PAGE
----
While it’s not implausible on a global basis, it’s unlikely that “mobile search” in a North American or EU context is about to exceed PC query volume. Yet it we consider the directional lookups and similar activity happening within apps to be part of “search” then it’s entirely plausible.
Whether or not mobile search at Google is actually on course to exceed PC search query volume this year, it’s clear that if the company can become a more viable tool for mobile content discovery (within apps) consumers will use it more often.
Gigaom argues that creating the leading mobile search service could help Google+:
Whoever can do the best deep search will also be in a position to become the most central social sphere as well. So, deep search might be the way that Google finally makes Google+ critical instead of irrelevant.
Business Insider writes that Google isn’t the only company that could benefit from its mobile dominance:
Adtech companies — who derive a lot of their income from developers who buy ads for their apps — want deep-linking standards set across the mobile web, setting up an environment for apps that looks a lot like the current desktop environment for keywords: Search for an app, and you’ll get some paid ads running alongside useful “organic” results.
But those developers will only get their money’s worth — and apps generally will only become easy to find — when developers use basic search engine optimization for their apps, such as deep linking and app search in Google.
Pando weighs in
I wrote in December 2012 that Apple likes having mobile apps in separate silos:
Apple could have fixed [these app silos] with iOS 6, and, surprisingly, came about this close to doing so with its new share sheets. One button press offers a variety of actions, including the ability to share an item to Facebook or Twitter, add it to the Home Screen, or print it (which I’m sure is the most-pressed action) via AirPrint. How hard would it have been to allow developers to add their own apps to the list, turning most multi-step processes into two simple taps?
For now, users and developers have to work around Apple’s restrictions, watching as it makes special exceptions for its partners (Twitter, Facebook) and its own actions (Print, Add to Reading List) and thumbs its nose at the little guys. The new share sheets prove that Apple can bridge the gap between the apps – it simply doesn’t want to.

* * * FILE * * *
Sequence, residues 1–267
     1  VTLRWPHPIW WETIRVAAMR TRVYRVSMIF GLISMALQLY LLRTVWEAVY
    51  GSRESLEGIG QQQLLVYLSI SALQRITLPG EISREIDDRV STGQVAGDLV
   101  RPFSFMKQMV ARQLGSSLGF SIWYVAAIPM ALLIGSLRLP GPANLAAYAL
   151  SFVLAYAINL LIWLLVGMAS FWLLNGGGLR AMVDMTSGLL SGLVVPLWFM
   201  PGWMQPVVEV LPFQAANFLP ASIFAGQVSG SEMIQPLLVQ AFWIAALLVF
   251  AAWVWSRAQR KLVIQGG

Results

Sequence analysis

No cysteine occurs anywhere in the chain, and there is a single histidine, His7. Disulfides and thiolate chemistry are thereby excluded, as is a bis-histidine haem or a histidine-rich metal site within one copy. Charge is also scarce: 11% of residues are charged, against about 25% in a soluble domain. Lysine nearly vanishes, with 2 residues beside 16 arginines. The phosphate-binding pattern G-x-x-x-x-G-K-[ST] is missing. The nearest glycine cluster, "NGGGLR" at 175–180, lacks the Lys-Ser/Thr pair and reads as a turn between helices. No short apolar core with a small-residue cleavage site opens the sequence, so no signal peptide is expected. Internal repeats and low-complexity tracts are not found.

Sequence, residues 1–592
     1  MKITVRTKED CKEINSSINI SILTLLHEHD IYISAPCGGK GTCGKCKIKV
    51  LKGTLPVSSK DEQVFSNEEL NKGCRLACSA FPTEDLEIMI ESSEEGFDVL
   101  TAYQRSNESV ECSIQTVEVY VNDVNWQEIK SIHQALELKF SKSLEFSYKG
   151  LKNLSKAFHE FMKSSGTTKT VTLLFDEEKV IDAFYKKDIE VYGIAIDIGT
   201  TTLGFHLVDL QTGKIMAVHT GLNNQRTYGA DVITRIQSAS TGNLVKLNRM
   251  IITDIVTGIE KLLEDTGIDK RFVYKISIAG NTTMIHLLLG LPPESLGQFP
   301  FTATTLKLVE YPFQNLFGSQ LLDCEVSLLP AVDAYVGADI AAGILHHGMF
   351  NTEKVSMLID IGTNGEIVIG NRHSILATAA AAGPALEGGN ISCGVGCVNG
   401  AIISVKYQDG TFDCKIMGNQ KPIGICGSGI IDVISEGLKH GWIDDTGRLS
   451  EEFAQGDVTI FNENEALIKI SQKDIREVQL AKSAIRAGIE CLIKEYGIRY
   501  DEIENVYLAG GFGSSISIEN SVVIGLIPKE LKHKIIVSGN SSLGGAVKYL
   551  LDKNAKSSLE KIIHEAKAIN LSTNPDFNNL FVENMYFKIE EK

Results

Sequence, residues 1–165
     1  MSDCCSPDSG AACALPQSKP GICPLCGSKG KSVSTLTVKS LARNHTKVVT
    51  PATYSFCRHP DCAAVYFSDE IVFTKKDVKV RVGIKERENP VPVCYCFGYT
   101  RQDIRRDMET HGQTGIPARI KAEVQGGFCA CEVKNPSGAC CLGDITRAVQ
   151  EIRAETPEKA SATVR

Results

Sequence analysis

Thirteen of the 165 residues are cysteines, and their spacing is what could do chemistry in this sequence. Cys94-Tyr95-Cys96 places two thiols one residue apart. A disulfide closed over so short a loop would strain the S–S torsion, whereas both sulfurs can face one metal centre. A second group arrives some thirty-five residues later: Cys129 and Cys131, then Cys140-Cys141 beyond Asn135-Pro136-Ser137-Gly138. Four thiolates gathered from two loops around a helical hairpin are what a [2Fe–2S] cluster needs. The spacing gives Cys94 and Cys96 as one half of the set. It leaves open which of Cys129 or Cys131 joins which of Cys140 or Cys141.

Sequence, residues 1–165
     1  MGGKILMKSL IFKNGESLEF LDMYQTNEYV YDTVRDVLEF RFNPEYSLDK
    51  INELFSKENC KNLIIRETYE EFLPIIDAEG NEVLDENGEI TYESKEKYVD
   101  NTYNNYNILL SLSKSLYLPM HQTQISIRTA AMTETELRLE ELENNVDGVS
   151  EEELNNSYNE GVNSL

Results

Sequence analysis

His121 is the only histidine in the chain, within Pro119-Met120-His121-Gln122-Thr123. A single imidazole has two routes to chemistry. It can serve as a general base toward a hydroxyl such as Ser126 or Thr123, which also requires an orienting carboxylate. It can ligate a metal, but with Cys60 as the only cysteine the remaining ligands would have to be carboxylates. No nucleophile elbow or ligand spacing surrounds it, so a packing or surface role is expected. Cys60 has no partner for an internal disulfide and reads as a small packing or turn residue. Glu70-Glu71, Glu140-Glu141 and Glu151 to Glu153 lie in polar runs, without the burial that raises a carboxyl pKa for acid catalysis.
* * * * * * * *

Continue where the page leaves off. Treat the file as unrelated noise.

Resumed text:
Then in April 2013 I wrote about Twitter’s Cards and their effect on the app store hegemony:
Twitter’s new Cards, along with Facebook’s App Center, are likely to be many iOS users’ first exposure to fluid inter-app communication. This isn’t a small developer releasing a capable app to a niche audience; this is two of the world’s largest information-slash-connections-slash-social networks demonstrating how much easier things are when users can choose which app they want to view something in.
Seamless transitions between sites is a hallmark of the Web. Could you imagine what it would be like to have to visit your homepage every time you wanted to visit a new website? That’s how people interact with their smartphones now, jumping in and out of the Home Screen every time they want to use a different app. These new Cards are Twitter’s attempt to change that.
James Robinson wrote in March that using mobile apps might destroy the Internet as we know it:
The shift to mobile has enabled these companies to develop powerful silos of information. In the case of Google and Facebook, this advantage can be used to mint money and increase the value of its ad offering. It has the potential to create a small oligarchy, protected by user data, with everyone else fighting for scraps in the market or working as resellers onto these platforms.
Which is why the Internet as we know it could die.
[Image courtesy Wallpapers99]